Do you need a UI framework?

Have you been through the pain of choosing a UI framework? We had gone through few tens times, here's my take on choosing UI framework.

Posted on 3 min read


Do you need a UI framework?

To answer this question, here’s several considerations that you should take into account before making your decision.

  1. Are you building a one-off project or a seemingly long-lasting product?
  2. Do you have a design to follow? Does the design come with styleguide?
  3. Web or native? (to us, React or React Native)


Use UI framework if you can customize its theme easily, as per your team’s experience and capability.

Handcraft if your team is better at it, and have more lenient timeline.

Short-term vs long-term project

If you’re building a long-term project/product, you can start building with a UI framework first. I assume you’re going to build an MVP first, starting with a UI framework shortens time to market. As your product matures, that’s when rebranding will happen, you are most likely to be hiring a designer. Have your designer build a styleguide, or a custom theme around the UI framework that you have been using.

What if your designer is not literate with the UI framework that you are using? Have your frontend engineer work with her. What we would have done is build components with our designers, and then slowly migrate the existing UI to use the newly built custom UI framework. This process will take longer time, but will benefit most on the long run, especially on grooming our new employees. At our company, we’re always striving to nurture newcomers, give them chances to learn new things, experience it on the hard way before making the shortcuts.

As for short-term projects, go with a UI framework too, as building custom components is not an easy task, especially if you’re going to support multiple screen sizes or browsers. If the project is part of a longer-term project, maybe you are building for a campaign, then just rely on the existing framework/styleguide.

Hiring a designer?

What kind of designer are you hiring? A full-fledged designer with knowledge on customizing UI frameworks or a beginner/intermediate level designer that only designs? I’m pretty sure the answer is quite straightforward whether or not to use a UI framework. But if you’re hiring the latter one, have your team use a collaboration tool for designs (we’re using Zeplin). This will increase your team’s productivity, most of the styling are given in CSS (or something alike).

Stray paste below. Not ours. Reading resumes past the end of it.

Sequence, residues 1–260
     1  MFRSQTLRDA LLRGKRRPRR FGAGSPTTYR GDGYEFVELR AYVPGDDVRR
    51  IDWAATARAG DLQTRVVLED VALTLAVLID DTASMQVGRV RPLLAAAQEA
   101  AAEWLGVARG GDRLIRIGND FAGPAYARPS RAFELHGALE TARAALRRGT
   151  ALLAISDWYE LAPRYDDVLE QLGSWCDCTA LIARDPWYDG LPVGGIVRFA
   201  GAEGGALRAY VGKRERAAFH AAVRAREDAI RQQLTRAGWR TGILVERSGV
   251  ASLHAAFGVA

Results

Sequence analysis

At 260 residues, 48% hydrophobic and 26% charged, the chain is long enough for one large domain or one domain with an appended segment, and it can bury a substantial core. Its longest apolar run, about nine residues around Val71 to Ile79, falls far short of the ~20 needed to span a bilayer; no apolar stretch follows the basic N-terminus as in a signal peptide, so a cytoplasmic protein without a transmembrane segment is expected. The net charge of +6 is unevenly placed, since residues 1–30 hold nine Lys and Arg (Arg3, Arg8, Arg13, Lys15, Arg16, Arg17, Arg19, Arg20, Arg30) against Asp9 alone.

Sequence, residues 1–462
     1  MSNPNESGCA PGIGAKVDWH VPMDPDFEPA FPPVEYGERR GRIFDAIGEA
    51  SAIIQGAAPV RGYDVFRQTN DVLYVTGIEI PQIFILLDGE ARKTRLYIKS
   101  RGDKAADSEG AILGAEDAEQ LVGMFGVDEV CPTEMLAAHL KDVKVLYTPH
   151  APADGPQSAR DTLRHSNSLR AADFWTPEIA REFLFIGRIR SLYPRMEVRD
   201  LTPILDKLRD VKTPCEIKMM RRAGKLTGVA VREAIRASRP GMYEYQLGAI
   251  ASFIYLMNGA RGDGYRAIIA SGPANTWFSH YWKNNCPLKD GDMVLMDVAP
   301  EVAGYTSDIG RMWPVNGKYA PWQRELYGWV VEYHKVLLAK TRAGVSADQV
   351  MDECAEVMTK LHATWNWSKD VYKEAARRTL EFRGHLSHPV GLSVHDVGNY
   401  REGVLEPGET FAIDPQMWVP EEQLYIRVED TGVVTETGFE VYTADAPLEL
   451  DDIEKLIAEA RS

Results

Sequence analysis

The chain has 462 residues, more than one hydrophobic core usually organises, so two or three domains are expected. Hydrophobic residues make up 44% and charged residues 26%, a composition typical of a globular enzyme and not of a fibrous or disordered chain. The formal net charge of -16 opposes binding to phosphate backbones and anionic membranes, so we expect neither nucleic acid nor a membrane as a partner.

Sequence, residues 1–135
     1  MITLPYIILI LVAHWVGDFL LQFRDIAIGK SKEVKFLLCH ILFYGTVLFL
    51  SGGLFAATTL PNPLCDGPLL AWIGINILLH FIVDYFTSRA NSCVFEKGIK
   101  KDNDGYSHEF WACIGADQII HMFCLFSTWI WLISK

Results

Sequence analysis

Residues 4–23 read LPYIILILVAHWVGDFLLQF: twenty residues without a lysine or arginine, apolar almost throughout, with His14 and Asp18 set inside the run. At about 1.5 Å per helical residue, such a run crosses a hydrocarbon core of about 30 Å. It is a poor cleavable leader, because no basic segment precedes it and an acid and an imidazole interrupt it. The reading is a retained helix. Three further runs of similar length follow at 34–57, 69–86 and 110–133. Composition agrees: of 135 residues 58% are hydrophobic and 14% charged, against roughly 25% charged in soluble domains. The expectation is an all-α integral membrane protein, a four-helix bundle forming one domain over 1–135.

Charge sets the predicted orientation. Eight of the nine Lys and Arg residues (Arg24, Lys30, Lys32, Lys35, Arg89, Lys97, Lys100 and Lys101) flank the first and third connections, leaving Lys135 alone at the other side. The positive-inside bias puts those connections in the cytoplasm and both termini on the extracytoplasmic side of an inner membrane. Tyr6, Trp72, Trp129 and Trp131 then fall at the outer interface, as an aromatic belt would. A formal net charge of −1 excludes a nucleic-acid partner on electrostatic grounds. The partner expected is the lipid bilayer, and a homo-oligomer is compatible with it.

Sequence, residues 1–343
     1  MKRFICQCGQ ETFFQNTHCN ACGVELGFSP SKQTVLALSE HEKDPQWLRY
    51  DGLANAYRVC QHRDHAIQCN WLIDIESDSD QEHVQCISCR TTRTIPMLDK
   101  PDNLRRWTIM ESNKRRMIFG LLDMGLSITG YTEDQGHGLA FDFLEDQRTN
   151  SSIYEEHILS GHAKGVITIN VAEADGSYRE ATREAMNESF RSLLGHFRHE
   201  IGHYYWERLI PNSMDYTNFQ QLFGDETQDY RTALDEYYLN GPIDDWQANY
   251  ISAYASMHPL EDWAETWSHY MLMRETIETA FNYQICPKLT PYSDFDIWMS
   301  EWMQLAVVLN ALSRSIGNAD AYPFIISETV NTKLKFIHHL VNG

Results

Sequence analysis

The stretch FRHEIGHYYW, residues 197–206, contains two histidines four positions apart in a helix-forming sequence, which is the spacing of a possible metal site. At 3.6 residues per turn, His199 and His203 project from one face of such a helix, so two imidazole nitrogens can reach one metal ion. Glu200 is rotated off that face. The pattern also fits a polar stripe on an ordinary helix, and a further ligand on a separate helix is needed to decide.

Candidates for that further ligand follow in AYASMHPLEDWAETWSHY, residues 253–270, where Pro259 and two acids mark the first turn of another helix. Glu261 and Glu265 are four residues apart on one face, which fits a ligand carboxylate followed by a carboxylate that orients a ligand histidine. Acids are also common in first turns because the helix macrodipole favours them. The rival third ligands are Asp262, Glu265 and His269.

Zeplin Zeplin providing the styling information with React Native extension

We have designers that favored Material Design, which we will almost by default use Material Components Web for it. That’s for web though, as for React Native, we have yet to find a promising one, mostly are half baked or not maintained anymore. This is part of the reason why we prefered to build our own components on React Native, read below.

Web or native?

Anyone that has work with the web knows how annoying it is to support multiple browsers, for this case, I would almost always prefer to use a framework than handcrafting it. There are exceptions whereby I will prefer handcrafting it. These mostly happen when the designs cannot be easily built with any existing framework. If you are going to handcraft your CSS, start with mobile size first, then slowly extend to desktop sizes. With Flexbox and Grid layouts support in most major browsers, it’s easier to support multi screen size nowadays. Except when your client specifically wanted to support older IEs, this is when headache happens. We would mostly advice our clients to move to modern browsers as they also bring better security. Otherwise, we’ll fallback to hacky methods.

On native part, we almost by default handcraft the UI components. It’s always better, but a little bit tricky to support multiple screen sizes. Otherwise, it’s pretty straightforward on React Native. In our experience, using UI frameworks restricted our design and always had trouble customizing the components. It always lead us back to the question, customize the framework and be left behind of future updates, or redesign so that we use purely components provided by the framework.

In future posts, I will share on scaling React Native components to support multiple screen sizes, and also my progress on refactoring this site into proper React components, so stay tuned!

Update: Post on scaling React Native components is available here.

(Should I implement RSS? Let me know down below!)